Tag: Mark Updegrove
Mark K. Updegrove is Director of the Lyndon Baines Johnson Presidential Library in Austin, Texas.
The first time a sitting President came to the Lyndon Baines Johnson Presidential Library was on May 21, 1971, when President Richard Nixon boarded Air Force One and journeyed to the campus of the University of Texas at Austin to help former President Johnson dedicate the library to the American people.
It had been a little more than two years since Johnson had yielded the Oval Office to Nixon, and Johnson’s place in history was very much in the balance.
The war in Vietnam that Johnson had escalated and that continued to divide the nation hung balefully over his legacy. This, despite the profusion of landmark laws LBJ left in his wake, including the passage of a triumvirate of seminal civil rights legislation: the 1964 Civil Rights Act, the 1965 Voting Rights Act, and the 1968 Fair Housing Act.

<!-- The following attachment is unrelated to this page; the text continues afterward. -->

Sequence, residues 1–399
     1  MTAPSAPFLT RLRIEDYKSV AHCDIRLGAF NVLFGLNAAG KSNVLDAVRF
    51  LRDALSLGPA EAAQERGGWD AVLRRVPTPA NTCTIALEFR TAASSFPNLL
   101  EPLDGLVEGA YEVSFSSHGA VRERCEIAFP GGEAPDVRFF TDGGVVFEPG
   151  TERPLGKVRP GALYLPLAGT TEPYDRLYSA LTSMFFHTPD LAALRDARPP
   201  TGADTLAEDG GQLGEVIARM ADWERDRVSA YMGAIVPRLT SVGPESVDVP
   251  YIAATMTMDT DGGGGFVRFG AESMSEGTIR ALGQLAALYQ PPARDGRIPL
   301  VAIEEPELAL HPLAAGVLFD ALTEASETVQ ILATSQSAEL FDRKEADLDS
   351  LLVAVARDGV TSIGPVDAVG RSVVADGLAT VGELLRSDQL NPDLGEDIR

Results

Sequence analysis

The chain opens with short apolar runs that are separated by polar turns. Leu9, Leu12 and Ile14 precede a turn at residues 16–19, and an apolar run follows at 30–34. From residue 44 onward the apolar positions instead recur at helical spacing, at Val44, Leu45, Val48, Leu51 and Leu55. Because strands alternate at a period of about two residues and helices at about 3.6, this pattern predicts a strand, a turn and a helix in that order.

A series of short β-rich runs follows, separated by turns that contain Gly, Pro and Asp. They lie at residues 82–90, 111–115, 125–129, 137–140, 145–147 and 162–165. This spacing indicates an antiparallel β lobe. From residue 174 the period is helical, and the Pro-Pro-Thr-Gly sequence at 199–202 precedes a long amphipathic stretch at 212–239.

As library’s inauguration played out, the voices of 2,100 Vietnam protesters rumbled in the distance, their chants of “No more war!” carried by 25-mile-an-hour winds that swirled throughout the day.
On April 10, 2014, when Barack Obama became the second sitting President to visit the LBJ Library, the weather, which topped out at 88 degrees, was far less tempestuous—and Lyndon Johnson’s legacy had become far clearer.
Posted by Hilary on May 8, 2014, under - Civil Rights, - Presidents, National Archives Near You, News and Events.
Tags: Austin, Bush, Carter, Clinton, LBJ, Mark Updegrove, Nixon, Obama, vietnam